Without evidence of benefit, an intervention should not be presumed to be beneficial or safe.

- Rogue Medic

Does a Medic Need Two Eyes to be Safe?


When this story first was reported, there were plenty of social media comments about the lack of safety of having only one eye.

Is there any difference in outcomes for patients treated by two-eyed medics and one-eyed medics? What about medics who wear glasses? Should a three-eyed medic be given preference over two-eyed medics?

Is there any evidence of a difference in job performance?

Is there any evidence of a difference in driving?

Is there any evidence of a difference in anything that is a part of the job?

Provide some valid evidence.

If we are going to make these decisions without evidence, we should admit that we are basing our decisions on prejudice.

A Queens woman with a prosthetic eye is suing the FDNY because it won’t hire her as a paramedic.[1]


The article lacks information. There may be other reasons she has not been hired, but NYFD is not likely to discuss those directly in the media, because that might also lead to a law suit. If this does go to court there should be more information available.

This topic has generated a lot of righteous indignation from those who insist that two eyes are necessary for the safety of patients. I have not yet seen any evidence to support their attitude.

If there is valid evidence that I am wrong, I am willing to learn from that.

See also –

Improving EMS By Hiring Deaf EMTs


[1] FDNY won’t hire woman with fake eye as paramedic: suit
By Kathianne Boniello and Georgett Roberts
July 6, 2014 | 4:37am
NY Post



  1. There were several studies done a while back on the safety of monocular vision drivers. Results of those investigations reveal that, in general, drivers with monocular vision have a greater number of crashes, more hazardous driving patterns, and a greater number of road problems compared to normal sighted drivers. Keeney et al. (1981) reported on the driving performance of 52 monocular drivers enrolled in Kentucky’s Driver Limitation Program from 1976 through 1980. Crash and traffic violations were obtained from state driving records. Results indicated that monocular drivers have almost double the rate of crashes compared to the general motoring public. Monocular drivers also were found to have more reckless driving violations compared to their binocular counterparts.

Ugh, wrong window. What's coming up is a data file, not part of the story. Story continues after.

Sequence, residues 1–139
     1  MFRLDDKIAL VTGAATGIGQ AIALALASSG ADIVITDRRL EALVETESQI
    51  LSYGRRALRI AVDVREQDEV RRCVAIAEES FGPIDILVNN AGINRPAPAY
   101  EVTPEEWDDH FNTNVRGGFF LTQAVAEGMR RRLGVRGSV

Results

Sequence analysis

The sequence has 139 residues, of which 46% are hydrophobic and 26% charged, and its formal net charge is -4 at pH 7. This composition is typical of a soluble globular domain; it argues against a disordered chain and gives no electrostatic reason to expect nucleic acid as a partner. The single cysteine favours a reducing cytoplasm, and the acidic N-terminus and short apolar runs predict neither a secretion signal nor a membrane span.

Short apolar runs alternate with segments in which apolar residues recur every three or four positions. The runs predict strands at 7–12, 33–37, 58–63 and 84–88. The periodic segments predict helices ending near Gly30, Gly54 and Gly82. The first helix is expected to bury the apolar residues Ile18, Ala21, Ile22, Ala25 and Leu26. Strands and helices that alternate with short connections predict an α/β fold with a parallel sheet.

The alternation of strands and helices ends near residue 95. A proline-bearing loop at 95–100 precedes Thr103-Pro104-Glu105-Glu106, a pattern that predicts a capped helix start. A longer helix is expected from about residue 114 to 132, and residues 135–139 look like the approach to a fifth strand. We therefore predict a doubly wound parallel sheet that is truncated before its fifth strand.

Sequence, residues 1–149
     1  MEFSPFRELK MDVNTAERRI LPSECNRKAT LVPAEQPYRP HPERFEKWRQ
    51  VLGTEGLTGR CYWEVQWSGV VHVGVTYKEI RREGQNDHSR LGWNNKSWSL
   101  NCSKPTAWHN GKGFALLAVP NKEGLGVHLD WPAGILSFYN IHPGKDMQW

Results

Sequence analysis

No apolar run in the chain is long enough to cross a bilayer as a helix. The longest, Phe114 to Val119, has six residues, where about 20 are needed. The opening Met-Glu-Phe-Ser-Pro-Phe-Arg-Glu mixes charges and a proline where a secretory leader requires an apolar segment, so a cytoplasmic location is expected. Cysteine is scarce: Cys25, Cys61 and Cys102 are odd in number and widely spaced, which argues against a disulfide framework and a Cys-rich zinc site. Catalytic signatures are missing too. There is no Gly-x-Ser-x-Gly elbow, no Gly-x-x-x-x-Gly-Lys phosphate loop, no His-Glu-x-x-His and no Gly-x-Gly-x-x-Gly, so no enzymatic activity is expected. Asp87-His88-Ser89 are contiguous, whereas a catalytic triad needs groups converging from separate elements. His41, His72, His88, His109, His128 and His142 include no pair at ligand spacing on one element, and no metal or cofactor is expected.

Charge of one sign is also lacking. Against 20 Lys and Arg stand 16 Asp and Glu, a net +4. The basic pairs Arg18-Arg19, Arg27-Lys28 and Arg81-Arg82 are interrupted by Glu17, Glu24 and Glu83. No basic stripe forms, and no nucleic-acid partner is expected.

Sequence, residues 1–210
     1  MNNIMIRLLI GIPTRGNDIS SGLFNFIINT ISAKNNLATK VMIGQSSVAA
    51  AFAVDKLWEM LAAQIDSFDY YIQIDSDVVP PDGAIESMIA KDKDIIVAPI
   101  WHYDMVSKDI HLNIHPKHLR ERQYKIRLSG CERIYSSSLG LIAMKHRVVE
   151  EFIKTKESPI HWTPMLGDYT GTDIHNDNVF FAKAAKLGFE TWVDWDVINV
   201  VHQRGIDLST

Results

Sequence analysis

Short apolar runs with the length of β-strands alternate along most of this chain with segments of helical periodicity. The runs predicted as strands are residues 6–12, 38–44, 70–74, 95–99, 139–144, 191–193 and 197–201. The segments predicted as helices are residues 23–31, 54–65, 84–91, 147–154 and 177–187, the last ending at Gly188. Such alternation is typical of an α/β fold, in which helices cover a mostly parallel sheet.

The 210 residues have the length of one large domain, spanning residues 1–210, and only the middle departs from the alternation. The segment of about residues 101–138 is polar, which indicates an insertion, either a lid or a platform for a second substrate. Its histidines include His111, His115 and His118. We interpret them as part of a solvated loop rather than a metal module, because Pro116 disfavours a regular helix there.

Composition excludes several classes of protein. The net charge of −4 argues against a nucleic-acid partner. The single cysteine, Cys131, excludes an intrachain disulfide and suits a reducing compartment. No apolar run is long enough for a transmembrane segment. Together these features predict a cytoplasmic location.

Given the known disadvantage that monocular vision presents, I think the onus is on them for proving that they are, in fact, safe drivers. We are not talking about simple driving to work and back, but rather driving a vehicle that has the most accidents per mile driven.

  2. I’ve known a medic with one eye for years. I doesn’t limit him and he makes up for situational awareness through other senses. He also happens to be a fantastic and safe charter boat captain and sprint car driver. My work mates and I have never felt unsafe when working with him probably because he makes sure he knows what is going on around. If he didn’t feel up to driving in certain conditions he would let you know. I expext that all my partners would do the same one eye or two.